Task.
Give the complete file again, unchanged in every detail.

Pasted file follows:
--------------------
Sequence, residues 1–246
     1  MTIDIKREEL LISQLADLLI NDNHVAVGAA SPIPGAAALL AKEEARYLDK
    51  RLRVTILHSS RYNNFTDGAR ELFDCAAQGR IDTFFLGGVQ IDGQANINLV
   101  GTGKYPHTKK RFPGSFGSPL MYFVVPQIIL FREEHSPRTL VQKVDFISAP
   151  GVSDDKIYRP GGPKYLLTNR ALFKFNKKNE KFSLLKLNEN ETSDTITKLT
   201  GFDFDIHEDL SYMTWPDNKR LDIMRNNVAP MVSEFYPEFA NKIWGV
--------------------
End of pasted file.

Sequence, residues 1–246
     1  MTIDIKREEL LISQLADLLI NDNHVAVGAA SPIPGAAALL AKEEARYLDK
    51  RLRVTILHSS RYNNFTDGAR ELFDCAAQGR IDTFFLGGVQ IDGQANINLV
   101  GTGKYPHTKK RFPGSFGSPL MYFVVPQIIL FREEHSPRTL VQKVDFISAP
   151  GVSDDKIYRP GGPKYLLTNR ALFKFNKKNE KFSLLKLNEN ETSDTITKLT
   201  GFDFDIHEDL SYMTWPDNKR LDIMRNNVAP MVSEFYPEFA NKIWGV